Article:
Welcome back to a new season of Agents of S.H.I.E.L.D. As always with new beginnings on this show, the status quo has radically shifted. The last few moments of season 3 jumped ahead six months and gave us a quick look at where the characters had ended up in the wake of Hydra’s final defeat, but now we know for sure.
Daisy Johnson, for one, is now a vigilante going by the name Quake, using her telekinetic powers to hunt down the Watchdogs, that anti-Inhuman terrorist group that caused so much trouble last season. The season 4 premiere opens with her chasing them down, but she’s not the only one. Suddenly an eerie black car appears on the L.A. street, and if you’ve been paying one lick of attention to the advertisements for this season, you know what’s afoot. The militants shoot a bazooka at the newcomer, but as they might say in Pokemon Go, it’s not very effective — not when the target is the demonic Spirit of Vengeance powered by the fires of hell. This mystery man makes short work of the terrorists, and as he drags the last one into the trunk of his car, we get our first look at Ghost Rider — but only from a distance. Daisy, who unlike us is not blessed with decades of comic book knowledge, is befuddled by her glimpse of that flaming skull head.
Things have changed for Phil Coulson and Mack, too. The one-time directors of S.H.I.E.L.D. have been demoted to field agents over the time jump. We find them out on assignment in the Zephyr One, killing time between assignments by playing backgammon and grumbling about the new management (“everything is classified nowadays”). Suddenly, they get orders to fly back to base, which confuses them because they’re not due to refuel for a while. Coulson’s excited to see the old team again, though, especially May (Ming-Na Wen).
Cut to May, who’s sparring with the members of her elite strike force as the Zephyr One lands. Thanks to her contacts in law enforcement, she’s able to fill Coulson and Mack in on the grisly details of the Ghost Rider murders (apparently, one unfortunate goon got his spine ripped out). But the reason she had them come back to base personally was so she could tell them that Daisy might be involved — and in this new post-Sokovia Accords world where Daisy’s considered a dangerous fugitive, she didn’t exactly want to send that info over the wire. If they pursue, they might be able to catch up with her before she gets into deeper trouble. Then again, it might be too late for that. Daisy’s already breaking into a hospital to interrogate a survivor of the Ghost Rider attack. He helpfully informs her that Ghost Rider’s flames don’t just burn flesh and bone — they burn your soul. Apparently those soul burns were too much for a sinner like him and he expires, forcing Daisy to pursue other leads.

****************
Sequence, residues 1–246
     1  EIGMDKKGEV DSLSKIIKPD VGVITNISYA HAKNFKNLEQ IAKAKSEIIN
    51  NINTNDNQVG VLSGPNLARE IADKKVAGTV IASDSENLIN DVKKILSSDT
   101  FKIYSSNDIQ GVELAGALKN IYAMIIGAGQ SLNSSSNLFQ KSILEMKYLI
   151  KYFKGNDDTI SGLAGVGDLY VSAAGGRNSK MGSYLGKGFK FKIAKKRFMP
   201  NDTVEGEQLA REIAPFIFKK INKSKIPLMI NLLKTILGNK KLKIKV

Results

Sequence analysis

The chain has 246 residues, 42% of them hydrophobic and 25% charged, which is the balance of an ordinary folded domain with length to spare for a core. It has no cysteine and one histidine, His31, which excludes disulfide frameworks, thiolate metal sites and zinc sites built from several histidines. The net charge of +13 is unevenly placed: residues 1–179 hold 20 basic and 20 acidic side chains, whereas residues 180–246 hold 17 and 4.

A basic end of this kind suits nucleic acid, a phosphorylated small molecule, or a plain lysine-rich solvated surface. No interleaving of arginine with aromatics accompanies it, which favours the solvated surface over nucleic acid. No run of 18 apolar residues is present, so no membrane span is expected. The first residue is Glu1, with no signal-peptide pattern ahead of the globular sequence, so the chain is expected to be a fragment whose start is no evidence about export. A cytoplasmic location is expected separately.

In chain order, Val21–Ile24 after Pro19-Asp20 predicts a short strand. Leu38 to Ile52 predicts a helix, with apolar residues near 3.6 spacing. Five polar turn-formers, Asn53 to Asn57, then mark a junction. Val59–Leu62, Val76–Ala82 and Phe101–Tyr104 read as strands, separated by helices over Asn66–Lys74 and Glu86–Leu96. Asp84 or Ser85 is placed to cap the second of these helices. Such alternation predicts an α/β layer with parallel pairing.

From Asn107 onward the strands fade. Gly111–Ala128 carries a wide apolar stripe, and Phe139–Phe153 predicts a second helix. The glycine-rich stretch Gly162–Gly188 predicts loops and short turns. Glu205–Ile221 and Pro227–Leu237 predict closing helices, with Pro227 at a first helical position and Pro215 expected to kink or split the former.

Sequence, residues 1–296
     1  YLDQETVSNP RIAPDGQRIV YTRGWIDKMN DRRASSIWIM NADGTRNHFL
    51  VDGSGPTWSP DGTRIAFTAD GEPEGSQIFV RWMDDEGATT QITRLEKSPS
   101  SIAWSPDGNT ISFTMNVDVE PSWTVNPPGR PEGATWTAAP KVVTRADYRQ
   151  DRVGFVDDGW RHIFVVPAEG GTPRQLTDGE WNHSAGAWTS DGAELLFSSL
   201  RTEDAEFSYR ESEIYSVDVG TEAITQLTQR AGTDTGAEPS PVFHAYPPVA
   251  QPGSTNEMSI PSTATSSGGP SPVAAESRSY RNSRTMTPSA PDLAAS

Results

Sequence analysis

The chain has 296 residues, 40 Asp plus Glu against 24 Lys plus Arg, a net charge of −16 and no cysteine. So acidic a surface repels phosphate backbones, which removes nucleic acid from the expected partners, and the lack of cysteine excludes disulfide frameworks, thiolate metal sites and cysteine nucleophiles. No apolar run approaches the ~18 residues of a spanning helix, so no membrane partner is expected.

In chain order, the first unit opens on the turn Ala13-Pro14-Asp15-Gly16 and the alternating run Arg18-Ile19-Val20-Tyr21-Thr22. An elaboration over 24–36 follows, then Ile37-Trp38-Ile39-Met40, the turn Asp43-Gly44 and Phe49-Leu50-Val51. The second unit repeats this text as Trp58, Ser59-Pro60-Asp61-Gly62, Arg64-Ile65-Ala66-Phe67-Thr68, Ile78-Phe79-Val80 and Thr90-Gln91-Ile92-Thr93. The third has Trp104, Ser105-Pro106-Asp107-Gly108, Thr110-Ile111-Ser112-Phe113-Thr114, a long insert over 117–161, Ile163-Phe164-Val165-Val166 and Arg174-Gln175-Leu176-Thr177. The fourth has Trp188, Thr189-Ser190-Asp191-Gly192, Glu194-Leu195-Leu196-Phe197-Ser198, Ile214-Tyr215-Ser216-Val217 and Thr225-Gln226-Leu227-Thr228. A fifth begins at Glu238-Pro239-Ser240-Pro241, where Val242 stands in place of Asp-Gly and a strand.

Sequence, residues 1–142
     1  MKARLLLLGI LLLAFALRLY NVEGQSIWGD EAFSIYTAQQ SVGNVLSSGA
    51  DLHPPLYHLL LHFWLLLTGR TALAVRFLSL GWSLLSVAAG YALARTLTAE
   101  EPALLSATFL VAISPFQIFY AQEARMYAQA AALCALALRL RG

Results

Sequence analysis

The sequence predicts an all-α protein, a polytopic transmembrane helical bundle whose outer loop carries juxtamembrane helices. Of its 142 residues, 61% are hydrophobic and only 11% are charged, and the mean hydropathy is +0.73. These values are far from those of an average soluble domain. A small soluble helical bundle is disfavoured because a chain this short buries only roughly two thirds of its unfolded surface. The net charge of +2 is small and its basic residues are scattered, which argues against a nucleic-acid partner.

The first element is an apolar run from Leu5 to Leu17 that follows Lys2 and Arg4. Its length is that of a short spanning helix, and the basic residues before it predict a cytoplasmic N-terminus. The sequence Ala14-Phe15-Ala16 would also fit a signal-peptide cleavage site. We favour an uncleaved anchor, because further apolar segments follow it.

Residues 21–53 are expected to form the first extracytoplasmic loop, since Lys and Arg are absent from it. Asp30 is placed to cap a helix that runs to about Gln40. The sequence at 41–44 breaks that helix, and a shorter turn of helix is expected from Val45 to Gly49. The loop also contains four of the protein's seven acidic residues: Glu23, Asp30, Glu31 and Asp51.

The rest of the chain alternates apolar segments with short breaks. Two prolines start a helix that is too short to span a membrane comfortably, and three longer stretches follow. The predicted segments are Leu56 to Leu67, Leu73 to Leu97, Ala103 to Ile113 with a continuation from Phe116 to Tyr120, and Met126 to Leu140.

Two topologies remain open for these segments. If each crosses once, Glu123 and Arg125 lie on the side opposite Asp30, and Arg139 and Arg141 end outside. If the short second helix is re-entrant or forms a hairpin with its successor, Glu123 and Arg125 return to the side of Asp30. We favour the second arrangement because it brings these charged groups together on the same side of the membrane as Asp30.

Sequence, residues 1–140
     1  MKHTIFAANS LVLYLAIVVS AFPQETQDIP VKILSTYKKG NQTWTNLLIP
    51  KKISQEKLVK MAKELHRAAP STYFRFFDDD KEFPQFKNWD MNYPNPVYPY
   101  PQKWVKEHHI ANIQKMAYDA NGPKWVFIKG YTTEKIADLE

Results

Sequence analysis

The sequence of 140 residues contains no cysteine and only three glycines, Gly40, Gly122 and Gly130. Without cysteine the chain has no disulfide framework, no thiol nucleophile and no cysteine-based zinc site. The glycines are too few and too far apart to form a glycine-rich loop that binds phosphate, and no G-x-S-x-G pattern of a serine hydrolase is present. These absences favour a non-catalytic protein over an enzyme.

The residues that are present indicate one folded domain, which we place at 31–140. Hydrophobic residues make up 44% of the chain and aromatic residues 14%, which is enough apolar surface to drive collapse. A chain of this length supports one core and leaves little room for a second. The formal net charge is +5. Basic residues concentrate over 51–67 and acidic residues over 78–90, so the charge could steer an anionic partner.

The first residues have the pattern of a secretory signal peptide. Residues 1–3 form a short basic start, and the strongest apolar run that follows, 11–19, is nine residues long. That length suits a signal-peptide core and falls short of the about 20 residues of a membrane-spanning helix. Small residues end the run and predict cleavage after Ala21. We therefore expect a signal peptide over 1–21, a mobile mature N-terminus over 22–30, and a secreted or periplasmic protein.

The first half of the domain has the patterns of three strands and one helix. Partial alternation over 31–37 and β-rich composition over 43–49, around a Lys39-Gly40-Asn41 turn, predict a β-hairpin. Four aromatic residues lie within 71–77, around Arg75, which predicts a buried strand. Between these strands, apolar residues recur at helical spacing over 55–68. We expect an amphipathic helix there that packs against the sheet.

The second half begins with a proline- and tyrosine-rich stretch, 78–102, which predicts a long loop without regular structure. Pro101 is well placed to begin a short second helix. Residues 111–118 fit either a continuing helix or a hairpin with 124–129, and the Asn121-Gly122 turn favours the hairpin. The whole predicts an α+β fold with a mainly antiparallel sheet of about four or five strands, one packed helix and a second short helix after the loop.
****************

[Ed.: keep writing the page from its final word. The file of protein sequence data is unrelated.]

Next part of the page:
From there, it’s time to check in with our favorite scientists. Jemma appears to be standing alone in an abandoned lab — until a camera pan reveals that she’s accidentally standing three feet above the floor. She and Fitz are working out the kinks of a new virtual-reality device. Agents of S.H.I.E.L.D. always somewhat resembled Star Trek, what with its dedicated team of mature professionals working passionately and respectfully to solve complicated problems, and now they’re closing in on their very own Holodeck. This experiment is interrupted by Coulson and Mack. Fitz invites them to watch a soccer game with him and the similarly European Dr. Radcliffe (John Hannah), but unfortunately this is just a business call. Fitz does his best Q impression, outfitting Mack with a new exploding pen and Coulson with the latest model of high-tech robotic hand. Simmons shares that she’s made it to the new director’s inner circle and is working on cutting-edge lie detector technology for him. Still no sign of this new guy on campus, but apparently he’s a bit paranoid about infiltration — and after all Coulson and company went through with both Hydra and Agent Gonzales’ secret S.H.I.E.L.D., can you really blame him?
NEXT: Can you say “Life Model Decoy”?